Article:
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  • 1
    ISSN: 1617-4623
    Keywords: Key words Protein phosphorylation ; Allosteric regulation ; DNA replication ; Saccharomyces cerevisiae
    Source: Springer Online Journal Archives 1860-2000
    Topics: Biology
    Notes: Abstract Cdc7/Dbf4 protein kinase is required for the initiation of DNA replication in Saccharomyces cerevisiae. Cdc7/Dbf4 protein kinase is not a cyclin-dependent kinase (CDK), but is regulated in a similar fashion in that the Cdc7 kinase subunit is inactive in the absence of the regulatory subunit Dbf4. In contrast to what is known about CDKs, Cdc7/Dbf4 protein kinase is shown to be an oligomer in the cell in this report. Genetic data that support this claim include interallelic complementation between several cdc7ts alleles and the cdc7T281A allele and also the results of experiments using the two-hybrid system with Cdc7 in both DNA-binding and transactivation domain plasmids. A molecular interaction between two different Cdc7 molecules was shown by using a HA-tagged Cdc7 protein that differs in size from the wild-type Cdc7 protein: an anti-HA antibody immunoprecipitates both proteins in appproximately equal stoichiometry. Analysis of the native molecular weight of Cdc7/Dbf4 protein kinase is consistent with oligomerization of the Cdc7 protein in that complexes of about 180 and 300 kDa were found. Oligomers of Cdc7 protein may exist for the purpose of allosteric regulation or to allow phosphorylation of multiple substrate protein molecules.
    Type of Medium: Electronic Resource
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  • 2
    ISSN: 1617-4623
    Keywords: Key words Protein phosphorylation ; DNA replication ; Cell cycle checkpoint ; Saccharomyces cerevisiae
    Source: Springer Online Journal Archives 1860-2000
    Topics: Biology
    Notes: Abstract This article presents the identification and characterization of the PAK1 gene of Saccharomyces cerevisiae, and the biochemical characterization of the protein kinase activity that it encodes. Overexpression of the PAK1 gene product suppresses temperature-sensitive mutations of the pol1 (cdc17) gene, which encodes DNA polymerase α. Overexpression and suppression can be achieved either by expressing PAK1 from a high-copy-number plasmid, or by GAL1-induced transcription of PAK1. Gene disruption of PAK1 indicates that it is not an essential gene. The PAK1 gene encodes a protein with a kinase consensus domain. By deletion analysis and site-directed mutagenesis, we demonstrate that the complete and active kinase consensus domain is required for suppression. A glutathione-S-transferase (GST)-Pak1 fusion protein, overproduced in bacteria, can be purified in an active form with glutathione affinity beads or by immunoprecipitation. Thus, other protein subunits of Pak1 are not required for its activity. In vitro protein kinase assays show that GST-Pak1 can autophosphorylate, and can phosphorylate casein as an exogenous substrate. The phenotype of the suppressed cdc17-1 cells indicates that Pak1 suppression is inefficient and does not restore the wild-type phenotype. Pak1 suppression requires Rad9 function, but Pak1 does not affect Rad9 function. Overexpression of PAK1 does not enhance the expression of the POL1 gene. Pak1 may function by modifying and partially stabilizing thermolabile DNA polymerases, perhaps during DNA repair, because pak1 mutant cells are caffeine sensitive.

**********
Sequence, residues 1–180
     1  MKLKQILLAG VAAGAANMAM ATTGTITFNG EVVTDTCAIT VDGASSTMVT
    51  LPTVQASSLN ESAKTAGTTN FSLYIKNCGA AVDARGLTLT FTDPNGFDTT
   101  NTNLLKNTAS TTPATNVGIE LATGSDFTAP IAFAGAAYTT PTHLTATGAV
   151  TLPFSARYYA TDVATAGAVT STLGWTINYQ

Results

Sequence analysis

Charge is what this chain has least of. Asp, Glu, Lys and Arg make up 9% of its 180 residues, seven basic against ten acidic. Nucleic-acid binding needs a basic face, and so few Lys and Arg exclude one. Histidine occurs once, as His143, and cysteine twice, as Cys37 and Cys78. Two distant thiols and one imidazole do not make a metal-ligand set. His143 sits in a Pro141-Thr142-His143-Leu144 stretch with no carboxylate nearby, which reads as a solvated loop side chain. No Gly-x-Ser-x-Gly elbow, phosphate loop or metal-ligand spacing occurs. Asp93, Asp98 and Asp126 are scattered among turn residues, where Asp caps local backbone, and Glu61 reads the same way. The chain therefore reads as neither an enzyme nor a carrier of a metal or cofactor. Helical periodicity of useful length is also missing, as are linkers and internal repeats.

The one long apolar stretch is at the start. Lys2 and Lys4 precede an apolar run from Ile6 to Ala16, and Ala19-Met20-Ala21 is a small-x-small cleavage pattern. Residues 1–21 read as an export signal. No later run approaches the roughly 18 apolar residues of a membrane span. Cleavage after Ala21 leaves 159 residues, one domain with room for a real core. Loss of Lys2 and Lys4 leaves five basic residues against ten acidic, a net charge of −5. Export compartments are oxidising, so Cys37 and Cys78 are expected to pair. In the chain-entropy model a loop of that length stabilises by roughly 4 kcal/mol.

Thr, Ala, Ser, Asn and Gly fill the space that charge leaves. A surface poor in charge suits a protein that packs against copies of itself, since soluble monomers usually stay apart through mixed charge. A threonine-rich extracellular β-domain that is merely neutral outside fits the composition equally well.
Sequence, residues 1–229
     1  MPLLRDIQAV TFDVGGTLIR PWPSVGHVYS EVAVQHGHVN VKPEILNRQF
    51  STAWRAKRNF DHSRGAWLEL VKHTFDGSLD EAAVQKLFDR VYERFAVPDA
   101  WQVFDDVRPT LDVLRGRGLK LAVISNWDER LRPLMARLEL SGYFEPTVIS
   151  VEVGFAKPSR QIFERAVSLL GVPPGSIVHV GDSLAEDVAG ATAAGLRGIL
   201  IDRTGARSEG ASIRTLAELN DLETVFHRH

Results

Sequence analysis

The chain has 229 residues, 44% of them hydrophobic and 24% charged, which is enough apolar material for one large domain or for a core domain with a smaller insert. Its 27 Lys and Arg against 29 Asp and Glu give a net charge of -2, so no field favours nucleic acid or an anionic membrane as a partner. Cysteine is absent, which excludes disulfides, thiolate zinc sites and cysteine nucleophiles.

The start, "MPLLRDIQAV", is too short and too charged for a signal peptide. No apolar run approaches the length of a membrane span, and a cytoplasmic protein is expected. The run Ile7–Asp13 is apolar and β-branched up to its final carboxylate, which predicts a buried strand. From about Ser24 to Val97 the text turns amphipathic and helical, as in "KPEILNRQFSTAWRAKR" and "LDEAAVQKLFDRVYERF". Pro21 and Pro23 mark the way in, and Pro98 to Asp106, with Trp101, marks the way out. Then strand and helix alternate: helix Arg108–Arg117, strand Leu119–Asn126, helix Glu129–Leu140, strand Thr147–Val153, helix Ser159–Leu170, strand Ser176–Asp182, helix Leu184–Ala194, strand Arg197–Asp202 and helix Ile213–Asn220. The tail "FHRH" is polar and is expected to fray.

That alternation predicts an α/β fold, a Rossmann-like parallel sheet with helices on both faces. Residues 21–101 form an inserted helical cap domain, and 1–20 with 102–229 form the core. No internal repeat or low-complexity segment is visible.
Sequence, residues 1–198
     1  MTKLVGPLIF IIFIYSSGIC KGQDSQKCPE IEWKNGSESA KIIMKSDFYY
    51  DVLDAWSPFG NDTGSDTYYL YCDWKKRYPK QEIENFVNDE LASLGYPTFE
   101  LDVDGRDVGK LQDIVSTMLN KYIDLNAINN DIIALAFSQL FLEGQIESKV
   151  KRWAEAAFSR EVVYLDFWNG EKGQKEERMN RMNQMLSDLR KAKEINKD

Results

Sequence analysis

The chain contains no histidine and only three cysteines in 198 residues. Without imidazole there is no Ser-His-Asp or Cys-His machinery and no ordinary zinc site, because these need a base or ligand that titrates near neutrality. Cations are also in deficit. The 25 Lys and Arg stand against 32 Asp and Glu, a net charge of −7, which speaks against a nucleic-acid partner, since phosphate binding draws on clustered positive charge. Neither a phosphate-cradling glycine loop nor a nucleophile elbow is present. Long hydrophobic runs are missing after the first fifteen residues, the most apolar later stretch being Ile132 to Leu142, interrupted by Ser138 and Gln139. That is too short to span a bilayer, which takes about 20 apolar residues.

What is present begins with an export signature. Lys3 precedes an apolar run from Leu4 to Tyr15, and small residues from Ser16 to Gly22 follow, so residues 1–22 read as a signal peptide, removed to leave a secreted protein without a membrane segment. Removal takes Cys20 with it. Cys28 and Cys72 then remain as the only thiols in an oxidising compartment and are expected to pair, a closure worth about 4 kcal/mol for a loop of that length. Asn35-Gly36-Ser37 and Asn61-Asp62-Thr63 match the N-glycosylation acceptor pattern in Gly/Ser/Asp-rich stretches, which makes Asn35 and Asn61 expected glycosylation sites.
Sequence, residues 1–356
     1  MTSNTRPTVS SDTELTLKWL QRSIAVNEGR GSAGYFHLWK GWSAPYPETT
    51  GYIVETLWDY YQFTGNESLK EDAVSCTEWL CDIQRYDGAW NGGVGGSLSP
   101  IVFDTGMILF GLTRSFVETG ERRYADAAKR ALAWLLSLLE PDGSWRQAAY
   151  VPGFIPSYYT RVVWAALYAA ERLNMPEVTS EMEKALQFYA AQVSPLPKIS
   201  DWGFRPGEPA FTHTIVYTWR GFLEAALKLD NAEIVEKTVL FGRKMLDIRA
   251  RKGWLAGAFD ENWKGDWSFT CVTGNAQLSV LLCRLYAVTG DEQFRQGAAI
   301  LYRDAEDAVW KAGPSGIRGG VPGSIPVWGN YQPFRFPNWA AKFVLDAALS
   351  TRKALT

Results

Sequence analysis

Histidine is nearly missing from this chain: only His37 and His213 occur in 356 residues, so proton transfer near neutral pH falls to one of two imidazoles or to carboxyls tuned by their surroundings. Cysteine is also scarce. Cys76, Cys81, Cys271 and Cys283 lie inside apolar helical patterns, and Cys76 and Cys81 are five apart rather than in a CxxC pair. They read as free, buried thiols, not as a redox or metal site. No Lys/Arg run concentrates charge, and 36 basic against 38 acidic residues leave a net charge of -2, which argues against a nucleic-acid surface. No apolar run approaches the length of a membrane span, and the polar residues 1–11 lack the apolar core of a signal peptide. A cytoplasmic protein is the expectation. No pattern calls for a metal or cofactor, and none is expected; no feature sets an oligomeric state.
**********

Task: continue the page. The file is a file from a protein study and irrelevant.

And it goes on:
Type of Medium: Electronic Resource
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